Contemptuous of most prelates, Richard respected Hugh of Lincoln, remarking ‘If other bishops were like him, no one would dare to argue with them.’5 Occasionally cruel, he could also show breathtaking magnanimity. The name ‘coeur de lion’ was bestowed in his lifetime, Gerald of Wales writing of ‘our lion, our more than lion’, even before he became king, which gave rise to the tale of Richard reaching down a lion’s throat and pulling out its heart. Only an unusually impressive personality could inspire such a legend.
Cyprus and Palestine
En route for the Holy Land in April 1191 Richard’s fleet ran into a storm and many ships were wrecked off Cyprus. Survivors were imprisoned by its ruler, ‘Emperor’ Isaac (a dissident Byzantine), who invited Queen Joanna and Berengaria to land when they anchored off Limassol. They wisely declined so he refused to let their boat take on fresh food or water. As soon as Richard arrived, he stormed Limassol, then conquered the whole island within days and imprisoned Isaac, adding a vast booty to his war chest.
While the mountains of the Holy Land could be seen from Cyprus, it was sufficiently far away to be safe from Muslim invasion. Aware that it could give the Crusade a base from which to bring in reinforcements and supplies, almost immediately Richard sold the island to the Templars. When they did not pay, he presented it to Guy de Lusignan, the former King of Jerusalem.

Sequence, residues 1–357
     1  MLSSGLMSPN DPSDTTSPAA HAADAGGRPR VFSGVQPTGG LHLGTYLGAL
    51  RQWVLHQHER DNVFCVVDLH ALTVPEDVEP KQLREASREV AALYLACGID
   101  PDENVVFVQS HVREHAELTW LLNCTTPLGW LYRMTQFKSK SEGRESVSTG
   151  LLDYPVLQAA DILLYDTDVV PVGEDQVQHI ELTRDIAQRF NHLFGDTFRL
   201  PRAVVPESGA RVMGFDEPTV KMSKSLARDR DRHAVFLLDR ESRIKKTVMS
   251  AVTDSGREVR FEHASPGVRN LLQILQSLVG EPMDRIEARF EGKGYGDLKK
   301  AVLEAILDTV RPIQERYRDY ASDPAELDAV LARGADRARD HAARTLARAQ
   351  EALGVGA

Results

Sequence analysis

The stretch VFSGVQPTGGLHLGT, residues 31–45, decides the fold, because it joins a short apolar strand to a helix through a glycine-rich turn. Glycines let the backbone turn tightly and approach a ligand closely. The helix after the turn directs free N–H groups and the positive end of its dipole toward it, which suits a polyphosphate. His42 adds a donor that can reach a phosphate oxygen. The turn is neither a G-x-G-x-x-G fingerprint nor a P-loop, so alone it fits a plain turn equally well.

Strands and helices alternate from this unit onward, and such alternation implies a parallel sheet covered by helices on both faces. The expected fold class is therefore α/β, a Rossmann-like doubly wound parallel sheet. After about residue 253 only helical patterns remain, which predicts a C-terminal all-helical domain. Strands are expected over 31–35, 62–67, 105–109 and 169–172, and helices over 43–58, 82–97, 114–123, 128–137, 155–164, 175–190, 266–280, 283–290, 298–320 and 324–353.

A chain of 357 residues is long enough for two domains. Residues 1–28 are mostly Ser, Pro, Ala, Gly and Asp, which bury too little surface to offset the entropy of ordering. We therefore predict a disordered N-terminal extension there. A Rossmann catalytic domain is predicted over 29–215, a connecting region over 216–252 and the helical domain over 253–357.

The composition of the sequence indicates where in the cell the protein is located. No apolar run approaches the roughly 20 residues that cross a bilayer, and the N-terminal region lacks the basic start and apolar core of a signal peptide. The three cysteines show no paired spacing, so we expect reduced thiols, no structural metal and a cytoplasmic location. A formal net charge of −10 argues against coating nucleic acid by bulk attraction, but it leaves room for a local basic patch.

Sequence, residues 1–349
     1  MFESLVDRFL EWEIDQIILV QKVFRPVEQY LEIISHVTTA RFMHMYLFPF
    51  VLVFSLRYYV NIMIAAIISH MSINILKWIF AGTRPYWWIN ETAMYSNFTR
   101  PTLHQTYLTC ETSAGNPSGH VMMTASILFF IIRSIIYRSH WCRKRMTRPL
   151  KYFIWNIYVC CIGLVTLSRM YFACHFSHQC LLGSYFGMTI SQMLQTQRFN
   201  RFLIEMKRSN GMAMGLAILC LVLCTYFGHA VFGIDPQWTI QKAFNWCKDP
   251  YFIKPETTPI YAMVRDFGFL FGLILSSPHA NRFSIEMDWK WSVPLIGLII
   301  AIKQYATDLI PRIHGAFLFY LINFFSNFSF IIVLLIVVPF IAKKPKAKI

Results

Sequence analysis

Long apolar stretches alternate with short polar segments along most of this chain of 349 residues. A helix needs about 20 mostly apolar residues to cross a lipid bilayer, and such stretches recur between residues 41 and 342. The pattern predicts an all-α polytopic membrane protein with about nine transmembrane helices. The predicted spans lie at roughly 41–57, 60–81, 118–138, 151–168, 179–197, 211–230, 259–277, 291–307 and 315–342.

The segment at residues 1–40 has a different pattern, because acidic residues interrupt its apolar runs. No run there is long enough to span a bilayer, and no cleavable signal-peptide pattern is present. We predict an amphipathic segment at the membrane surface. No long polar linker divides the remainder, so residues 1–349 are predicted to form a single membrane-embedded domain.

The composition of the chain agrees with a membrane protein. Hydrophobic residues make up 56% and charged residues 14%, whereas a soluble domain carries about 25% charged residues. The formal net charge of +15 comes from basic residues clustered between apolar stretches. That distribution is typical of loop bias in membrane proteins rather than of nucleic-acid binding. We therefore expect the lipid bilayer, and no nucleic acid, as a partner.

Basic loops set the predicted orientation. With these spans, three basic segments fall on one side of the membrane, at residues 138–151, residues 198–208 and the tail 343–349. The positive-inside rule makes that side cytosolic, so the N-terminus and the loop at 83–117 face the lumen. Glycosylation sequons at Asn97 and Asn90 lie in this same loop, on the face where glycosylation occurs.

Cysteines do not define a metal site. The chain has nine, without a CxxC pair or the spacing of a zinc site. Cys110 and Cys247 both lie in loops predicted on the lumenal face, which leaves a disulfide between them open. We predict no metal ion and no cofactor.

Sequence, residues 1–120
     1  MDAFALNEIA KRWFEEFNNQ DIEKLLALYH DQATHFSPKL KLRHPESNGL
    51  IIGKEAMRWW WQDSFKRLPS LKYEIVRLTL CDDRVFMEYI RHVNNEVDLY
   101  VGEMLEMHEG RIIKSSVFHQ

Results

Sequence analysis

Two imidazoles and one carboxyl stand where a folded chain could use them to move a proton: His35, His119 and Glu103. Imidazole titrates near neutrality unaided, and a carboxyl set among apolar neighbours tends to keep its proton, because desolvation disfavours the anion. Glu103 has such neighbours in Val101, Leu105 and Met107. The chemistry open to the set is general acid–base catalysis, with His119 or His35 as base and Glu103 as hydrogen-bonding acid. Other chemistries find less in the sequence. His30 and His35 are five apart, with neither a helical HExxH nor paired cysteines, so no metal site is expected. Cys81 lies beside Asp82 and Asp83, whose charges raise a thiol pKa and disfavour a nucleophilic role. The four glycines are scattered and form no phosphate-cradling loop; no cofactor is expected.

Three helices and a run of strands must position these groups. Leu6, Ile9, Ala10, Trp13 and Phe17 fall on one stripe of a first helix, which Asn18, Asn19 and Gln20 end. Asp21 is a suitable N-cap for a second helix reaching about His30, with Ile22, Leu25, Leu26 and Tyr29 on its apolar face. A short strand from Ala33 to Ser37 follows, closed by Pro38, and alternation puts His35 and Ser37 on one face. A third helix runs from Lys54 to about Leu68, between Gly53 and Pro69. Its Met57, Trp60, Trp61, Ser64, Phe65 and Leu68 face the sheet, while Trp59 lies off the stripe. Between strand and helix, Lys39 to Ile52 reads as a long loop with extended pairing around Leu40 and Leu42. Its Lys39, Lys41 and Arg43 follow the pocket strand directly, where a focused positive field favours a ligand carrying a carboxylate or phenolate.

Before setting out on the last lap of his journey, he married Berengaria at Limassol. He also had her crowned as Queen of the English, instead of waiting for a coronation at Westminster, which shows that he was hoping for an heir. (By all accounts, Berengaria was an unusually pleasant if not very good-looking lady.) Then he sailed for Palestine, which he reached only just in time to save the Second Crusade.
‘Outremer’, as Anglo-Normans called the Kingdom of Jerusalem, had disintegrated. While always under threat from Muslim neighbours, it had been a thriving little country for ninety years, with a French nobility, an Italian bourgeoisie and a Christian Arab underclass. But now, having lost its entire military manpower and its capital in 1187, it was reduced to a few toeholds on the coast. Even so, there was bitter rivalry for the lost Crown between the ex-king, Guy de Lusignan, and the Marquis of Montferrat, who was eventually elected to take his place, only to be murdered in 1192.
When King Richard joined the camp near Acre (once Outremer’s biggest seaport) on 8 June 1191 he found a siege that had already lasted so long that the besiegers were comparing it to the siege of Troy. Handpicked by Sultan Saladin, the Muslim garrison knew the Crusade would collapse if they held out. Even Christians admired Saladin. A Kurd who had united Syria and Egypt, and wiped out the Crusader army at the Horns of Hattin in 1187, he was renowned for magnanimity, generosity and bravery, and it seemed inconceivable to the defenders that he would not rescue them.